Forecasting weather in a changing climate

Is the current El Niño, the cyclical Pacific weather phenomenon, breaking down? That’s what the US National Oceanic and Atmospheric Administration is saying, predicting that it will happen this southern autumn. 

Australia’s Bureau of Meteorology is not quite so sure. It agrees that the current El Niño is breaking down, but its modelling suggests that a return to neutral El Niño–Southern Oscillation (ENSO) levels won’t happen until June or July. 

The summer is far from over – the Bureau expects this month to be warmer and drier than average – and the worst of Tasmania’s fire season may be yet to come. But the hot, dry summer forecast for eastern Australia back in spring has for the most part failed to materialise. 

Last August meteorologists were saying we’d seen the last of La Niña’s cool, damp weather in eastern Australia (and bad fire weather in North America) for quite a while. But now NOAA is reporting increasing odds of yet another La Niña emerging late this year. That would mean that we would have had an active La Niña in each of the past five years – six if we include 2025.

The more we know about weather and climate, the more we realise we have yet to learn. The confusion over ENSO patterns and what they mean for our seasonal weather is just one of many mixed, apparently contradictory messages coming out of our meteorology agencies as we struggle to get a handle on climate change.

The problem is bad enough for those whose livelihoods depend on having a handle well ahead of time on how coming seasons are likely to pan out – people like farmers and tourism operators. But human life is at stake if the matter in question is extreme weather – especially storms.

In mid-October 2023 Otis was a tropical storm 250km off Mexico’s Pacific coast. Weather experts predicted its impact would be unexceptional, even as late as the day before it made landfall. But in just 12 hours it intensified from a category one event to category five, the highest cyclone rating, and ended up the most powerful storm ever to cross an eastern Pacific coast.

To those in its path, including a million people in the city of Acapulco, the impact of Otis was devastating. At least 52 people died (locals claimed the toll was in the hundreds) and property losses were calculated at $16 billion.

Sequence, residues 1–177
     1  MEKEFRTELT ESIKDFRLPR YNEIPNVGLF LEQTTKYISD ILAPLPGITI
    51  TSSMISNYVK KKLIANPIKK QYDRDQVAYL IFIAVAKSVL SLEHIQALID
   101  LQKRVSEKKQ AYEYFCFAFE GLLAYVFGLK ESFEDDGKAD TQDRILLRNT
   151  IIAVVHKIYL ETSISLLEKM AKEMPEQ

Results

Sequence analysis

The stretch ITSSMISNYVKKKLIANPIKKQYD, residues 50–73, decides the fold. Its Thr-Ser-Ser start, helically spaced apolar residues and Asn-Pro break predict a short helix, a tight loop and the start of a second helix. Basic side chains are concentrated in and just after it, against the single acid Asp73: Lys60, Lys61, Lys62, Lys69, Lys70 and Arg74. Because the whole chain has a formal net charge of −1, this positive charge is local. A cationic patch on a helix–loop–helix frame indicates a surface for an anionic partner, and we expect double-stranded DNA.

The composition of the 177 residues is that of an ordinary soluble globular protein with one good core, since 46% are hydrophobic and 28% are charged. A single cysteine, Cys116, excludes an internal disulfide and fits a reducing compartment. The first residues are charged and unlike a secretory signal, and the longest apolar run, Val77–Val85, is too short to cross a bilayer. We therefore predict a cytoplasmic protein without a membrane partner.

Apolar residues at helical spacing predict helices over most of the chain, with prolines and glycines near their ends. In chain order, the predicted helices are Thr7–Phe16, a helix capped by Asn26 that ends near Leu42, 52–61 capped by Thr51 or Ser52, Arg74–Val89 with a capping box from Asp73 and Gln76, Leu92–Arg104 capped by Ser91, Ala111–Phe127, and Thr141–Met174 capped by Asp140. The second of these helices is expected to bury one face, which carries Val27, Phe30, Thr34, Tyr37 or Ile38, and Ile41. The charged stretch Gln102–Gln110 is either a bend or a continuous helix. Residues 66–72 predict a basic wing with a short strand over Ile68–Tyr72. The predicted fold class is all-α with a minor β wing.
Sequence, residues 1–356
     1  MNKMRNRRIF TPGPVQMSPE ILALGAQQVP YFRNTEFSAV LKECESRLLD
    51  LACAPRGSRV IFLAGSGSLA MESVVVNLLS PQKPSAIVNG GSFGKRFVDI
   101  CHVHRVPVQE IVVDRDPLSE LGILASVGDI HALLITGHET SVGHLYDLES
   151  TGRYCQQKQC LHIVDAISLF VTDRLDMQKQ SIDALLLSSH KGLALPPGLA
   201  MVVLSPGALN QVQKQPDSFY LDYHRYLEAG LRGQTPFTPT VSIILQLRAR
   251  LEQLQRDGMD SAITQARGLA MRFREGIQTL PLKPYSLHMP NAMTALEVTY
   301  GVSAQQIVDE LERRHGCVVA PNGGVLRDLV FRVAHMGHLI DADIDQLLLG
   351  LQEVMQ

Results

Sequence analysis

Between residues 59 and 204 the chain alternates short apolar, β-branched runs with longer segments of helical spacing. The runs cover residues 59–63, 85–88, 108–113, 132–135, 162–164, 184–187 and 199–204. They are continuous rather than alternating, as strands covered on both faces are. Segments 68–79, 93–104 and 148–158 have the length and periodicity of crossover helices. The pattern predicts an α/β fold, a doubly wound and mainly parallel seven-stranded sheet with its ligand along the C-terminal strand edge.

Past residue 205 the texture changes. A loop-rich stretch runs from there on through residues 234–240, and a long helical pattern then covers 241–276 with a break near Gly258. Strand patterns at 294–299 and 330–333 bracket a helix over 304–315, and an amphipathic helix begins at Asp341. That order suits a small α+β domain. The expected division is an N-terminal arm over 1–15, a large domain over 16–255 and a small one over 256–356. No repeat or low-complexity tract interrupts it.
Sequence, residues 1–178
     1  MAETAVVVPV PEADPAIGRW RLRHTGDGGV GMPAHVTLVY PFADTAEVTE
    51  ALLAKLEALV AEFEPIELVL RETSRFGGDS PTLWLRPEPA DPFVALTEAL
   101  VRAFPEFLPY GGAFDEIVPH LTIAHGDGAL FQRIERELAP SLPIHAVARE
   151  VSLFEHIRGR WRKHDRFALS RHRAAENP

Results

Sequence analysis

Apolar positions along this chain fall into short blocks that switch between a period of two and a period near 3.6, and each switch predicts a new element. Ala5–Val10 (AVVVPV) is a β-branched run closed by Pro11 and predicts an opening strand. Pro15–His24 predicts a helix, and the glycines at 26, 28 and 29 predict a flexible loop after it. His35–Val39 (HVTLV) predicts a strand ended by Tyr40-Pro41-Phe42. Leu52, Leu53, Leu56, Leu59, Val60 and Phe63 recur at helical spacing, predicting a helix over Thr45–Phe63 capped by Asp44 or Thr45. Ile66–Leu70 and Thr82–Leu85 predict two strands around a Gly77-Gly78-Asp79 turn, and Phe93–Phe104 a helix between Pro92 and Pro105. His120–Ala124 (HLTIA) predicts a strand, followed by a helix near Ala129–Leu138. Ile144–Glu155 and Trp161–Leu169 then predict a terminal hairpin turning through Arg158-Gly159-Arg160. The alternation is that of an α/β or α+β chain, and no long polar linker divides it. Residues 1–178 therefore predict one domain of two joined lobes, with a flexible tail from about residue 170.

But Otis was also a shock for the meteorologists whose projections had been so badly awry. In an article in The Conversation, a coastal engineering specialist from the University of East London, Ravindra Jayaratne, described the hurricane as “a pivotal moment in the history of weather forecasting”.

“It is critical that we address the pressing concerns related to the tools we use for forecasting these catastrophic events, all while recognising the significant influence of rapid climate change on our forecasting capabilities,” wrote Jayaratne.

Otis highlighted the limits of historical data in predicting weather in changing climate. The rate at which it grew from a tropical storm to a full-strength hurricane has never previously been observed. It may be a one-in-1000-year storm – a term we’re hearing repeatedly these days in reference to major weather events – but in truth we have no idea because we have no recorded precedent.

Weather and climate are fundamentally chaotic. The atmospheric variables that modellers try to assess are nonlinear, which means that a low level of uncertainty early in a weather event can turn into a very large discrepancy in the event’s later stages. 

Never was that more evident than in the case of Otis, but it’s an issue right across the forecasting spectrum from storm and flood events with a short term local or regional impact – Australian summer floods, for example –  to large-scale systems like ENSO, whose impact lasts months or years.

The first need is data. As an eastern Pacific hurricane, Otis had many fewer data-gathering points to feed into forecasts than the far more active Gulf and Atlantic hurricane zones on the other side of North America. An obvious need across the globe is more weather buoys and satellites.

Beyond that, we need our forecasting models to take account of a far wider range of variables, requiring an exponential increase in computing capacity. Along with increasingly powerful hardware, artificial intelligence will have a pivotal role.

Those developments can’t come soon enough. As the impact of climate change on established weather patterns rises, and given the level of scepticism that has always confronted weather forecasting professionals, predicting the weather is now more challenging than ever. 

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